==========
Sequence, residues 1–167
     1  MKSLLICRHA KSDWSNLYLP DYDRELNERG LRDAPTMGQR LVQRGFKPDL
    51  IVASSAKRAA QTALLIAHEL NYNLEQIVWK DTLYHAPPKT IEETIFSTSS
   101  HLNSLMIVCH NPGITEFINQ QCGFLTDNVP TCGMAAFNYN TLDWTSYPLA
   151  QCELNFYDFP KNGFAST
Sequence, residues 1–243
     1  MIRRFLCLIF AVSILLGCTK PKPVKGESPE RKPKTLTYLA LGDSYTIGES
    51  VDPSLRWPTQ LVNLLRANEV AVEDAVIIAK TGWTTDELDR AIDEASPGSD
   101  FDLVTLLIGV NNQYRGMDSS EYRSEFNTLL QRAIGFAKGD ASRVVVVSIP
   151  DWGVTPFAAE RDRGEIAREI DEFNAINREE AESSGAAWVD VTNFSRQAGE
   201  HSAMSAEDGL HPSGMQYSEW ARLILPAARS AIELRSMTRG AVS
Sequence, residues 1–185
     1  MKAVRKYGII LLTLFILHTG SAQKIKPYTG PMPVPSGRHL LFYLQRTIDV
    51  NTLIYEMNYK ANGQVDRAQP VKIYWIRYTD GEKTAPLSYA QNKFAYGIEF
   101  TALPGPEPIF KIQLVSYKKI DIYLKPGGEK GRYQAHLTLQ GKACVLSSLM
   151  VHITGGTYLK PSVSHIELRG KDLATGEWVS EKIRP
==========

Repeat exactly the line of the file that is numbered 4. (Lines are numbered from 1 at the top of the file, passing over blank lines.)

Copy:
   101  HLNSLMIVCH NPGITEFINQ QCGFLTDNVP TCGMAAFNYN TLDWTSYPLA